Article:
When it comes to choosing a study abroad destination, international students show an inclination towards some regions. Europe is one of the favourites, and aspirants often end up getting confused between the UK and Ireland when they research prospects in this part of the world. Both are acclaimed for having excellent education systems and top universities.

International students looking for an ideal overseas experience can settle for either. But making a wise decision is crucial as it can influence the direction your career and life will take in the future. It makes sense to compare them comprehensively by considering different aspects. Let us share the key factors you need to understand to pick the option that works for you.


When you consider a study abroad destination, the universities there and their quality should be your top priority. A comparison between the UK and Ireland is a tough one. Both countries have some of the best universities in the world. The world-leading universities in the UK include:

You have some excellent options in Ireland too. These include:

Even as both countries have prestigious universities, there is a disparity in terms of the number of options. The UK has approximately 130 universities, while Ireland has only 8. But you may see it as a silver lining because you will not need to research a lot when considering Irish universities.


The choice of your study abroad destination also depends on the availability of the programme you want to pursue. The most popular courses in the UK include Business, Medicine (particularly dentistry, pharmacy and nursing), Natural Sciences (particularly Biological sciences), Engineering, and the Social Sciences (particularly Psychology).

International students aspiring to study Finance, Business and Management, Computer Science, Digital Marketing, and Biotechnology should consider Ireland as their study abroad destination.


Money matters a lot to international students because you will have a budget. It’s quite a tie when it comes to tuition fees as both countries have comparable rates. However, they are cheaper than in the US or Australia. Tuition fees depend on the course and university you choose. You can expect to pay less for Arts and Humanities programmes as compared to STEM courses. Universities located in prime locations like London and Dublin are more expensive for obvious reasons. Additionally, fees will be higher in prestigious universities.

Since the UK and Ireland have different currencies, you will have to make some calculations to compare. If you choose the UK, expect to spend around £9.250-26.000 per year on tuition fees, while it stands at around 9.850-55.000€ per year in Ireland. Medical courses cost a bit more in the UK, with tuition fees going up to £58.600 per year.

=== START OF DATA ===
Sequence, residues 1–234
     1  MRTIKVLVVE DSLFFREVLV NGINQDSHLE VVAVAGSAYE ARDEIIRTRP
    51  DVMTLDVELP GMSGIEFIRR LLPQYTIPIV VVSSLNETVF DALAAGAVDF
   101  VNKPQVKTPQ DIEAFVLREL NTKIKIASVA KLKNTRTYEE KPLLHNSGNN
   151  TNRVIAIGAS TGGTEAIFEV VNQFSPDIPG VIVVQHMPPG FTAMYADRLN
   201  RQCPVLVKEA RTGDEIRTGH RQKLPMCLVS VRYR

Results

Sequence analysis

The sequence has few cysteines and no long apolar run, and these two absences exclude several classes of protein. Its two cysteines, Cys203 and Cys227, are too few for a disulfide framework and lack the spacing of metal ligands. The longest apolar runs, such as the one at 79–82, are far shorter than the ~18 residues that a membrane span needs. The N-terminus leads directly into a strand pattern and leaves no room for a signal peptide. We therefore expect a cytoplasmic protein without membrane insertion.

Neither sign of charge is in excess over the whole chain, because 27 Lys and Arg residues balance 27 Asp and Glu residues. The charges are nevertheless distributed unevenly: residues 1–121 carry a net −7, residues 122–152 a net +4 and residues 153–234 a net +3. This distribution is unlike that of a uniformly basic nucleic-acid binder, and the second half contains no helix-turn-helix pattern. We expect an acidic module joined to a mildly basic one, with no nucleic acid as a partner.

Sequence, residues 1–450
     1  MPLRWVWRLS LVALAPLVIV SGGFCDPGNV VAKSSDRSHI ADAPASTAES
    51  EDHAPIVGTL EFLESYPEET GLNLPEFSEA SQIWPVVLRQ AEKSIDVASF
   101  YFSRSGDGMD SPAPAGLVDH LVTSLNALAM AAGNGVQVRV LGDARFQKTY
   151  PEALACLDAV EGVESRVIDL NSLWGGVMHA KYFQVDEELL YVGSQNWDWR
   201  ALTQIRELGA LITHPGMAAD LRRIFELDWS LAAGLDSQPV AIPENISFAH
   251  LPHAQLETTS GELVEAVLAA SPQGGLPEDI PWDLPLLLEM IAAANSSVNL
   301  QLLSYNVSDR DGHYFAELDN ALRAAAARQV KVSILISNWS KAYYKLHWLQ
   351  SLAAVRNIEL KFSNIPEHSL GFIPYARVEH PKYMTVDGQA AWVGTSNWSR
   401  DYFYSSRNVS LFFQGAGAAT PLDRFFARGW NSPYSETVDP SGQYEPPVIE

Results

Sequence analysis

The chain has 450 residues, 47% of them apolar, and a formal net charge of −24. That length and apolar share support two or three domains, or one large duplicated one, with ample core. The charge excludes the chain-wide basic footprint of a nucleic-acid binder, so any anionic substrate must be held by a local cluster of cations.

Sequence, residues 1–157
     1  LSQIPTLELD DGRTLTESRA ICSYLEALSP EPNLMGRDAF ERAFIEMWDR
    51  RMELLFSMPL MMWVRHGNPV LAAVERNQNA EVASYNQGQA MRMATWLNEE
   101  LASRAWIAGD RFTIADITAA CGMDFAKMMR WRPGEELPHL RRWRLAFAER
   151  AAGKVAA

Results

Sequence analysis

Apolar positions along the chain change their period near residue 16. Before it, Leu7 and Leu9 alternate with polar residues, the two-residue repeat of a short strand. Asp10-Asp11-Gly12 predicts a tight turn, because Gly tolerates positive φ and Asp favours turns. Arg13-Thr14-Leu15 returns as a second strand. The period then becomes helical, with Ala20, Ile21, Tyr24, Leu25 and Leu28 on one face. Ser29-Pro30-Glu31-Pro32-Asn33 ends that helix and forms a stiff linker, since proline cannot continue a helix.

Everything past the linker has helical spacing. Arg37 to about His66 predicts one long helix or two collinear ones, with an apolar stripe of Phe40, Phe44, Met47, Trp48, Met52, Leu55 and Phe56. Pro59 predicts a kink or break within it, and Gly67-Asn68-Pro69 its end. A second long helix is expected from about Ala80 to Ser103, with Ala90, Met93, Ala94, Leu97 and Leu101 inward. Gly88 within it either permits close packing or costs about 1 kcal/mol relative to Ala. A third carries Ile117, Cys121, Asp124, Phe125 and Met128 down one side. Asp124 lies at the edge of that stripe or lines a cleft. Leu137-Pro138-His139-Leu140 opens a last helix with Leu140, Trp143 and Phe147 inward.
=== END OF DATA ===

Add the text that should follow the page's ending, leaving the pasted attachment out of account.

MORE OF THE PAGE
Apart from tuition costs, you will also be concerned about the cost of living in both countries while taking your pick. If you choose a university in either of the capital cities, expect the cost of living to be quite similar, even though Dublin may be a tad cheaper than London. Living in London costs around £12.000 per year while the cost sits at 8.000-12.000€ for Dublin.

However, you need not worry about the hefty expense of living here because costs can run much lower in smaller cities. Bristol, for example, is 25–30% cheaper than London, while Galway is 20–30% cheaper than Dublin. You can explore excellent courses in these cities, while spending a lot lesser on both tuition fees and the cost of living.


Being allowed to work as they study abroad is a key factor that international students consider when choosing their destination. Fortunately, you can do it in both countries, subject to certain regulations. Tier 4 Student Visa permits international students in the UK to work up to 20 hours every week during the term, while you can work full-time during the holidays. You are allowed to work on campus or for a university-affiliated employer.

For international students hailing from outside the EEA and studying in Ireland, it is necessary to get Stamp 2 permission. Once you have it on your Student Visa, you can work up to 20 hours per week during the semester. It permits you to extend the work period up to 40 hours per week during holidays. You cannot work without Stamp 2A.


Life begins after you complete your education abroad, so it is valid to consider whether you have post-study work opportunities in the chosen destination. While the UK had strict regulations on international students to stay back since the last decade, things are changing for the better. Students enrolling 2020-2021 onwards will have better opportunities ahead, as the government declared a new Graduate Route. It allows international students with an undergraduate degree or higher to stay back for two years or even longer if they find suitable employment.

Ireland allows international students to remain in the country after completing post-graduation here. A non-EEA international student may submit an application for the Irish Third Level Graduate Scheme within six months of graduation. It permits you to stay in the country for two years after completing their programme. You can also seek a work permit post-expiry of the scheme.

Both the UK and Ireland are excellent study abroad destinations. You need to consider factors like quality of education, university and programme options, tuition costs and cost of living, work opportunities, and future prospects while assessing for your international education dream. But everything boils down to personal preference. Take a closer look and choose wisely!

If you are considering studying abroad why don’t you discuss your prospects and opportunities with experts at Lurnable’s dedicated study abroad counselling division LurnPathways?

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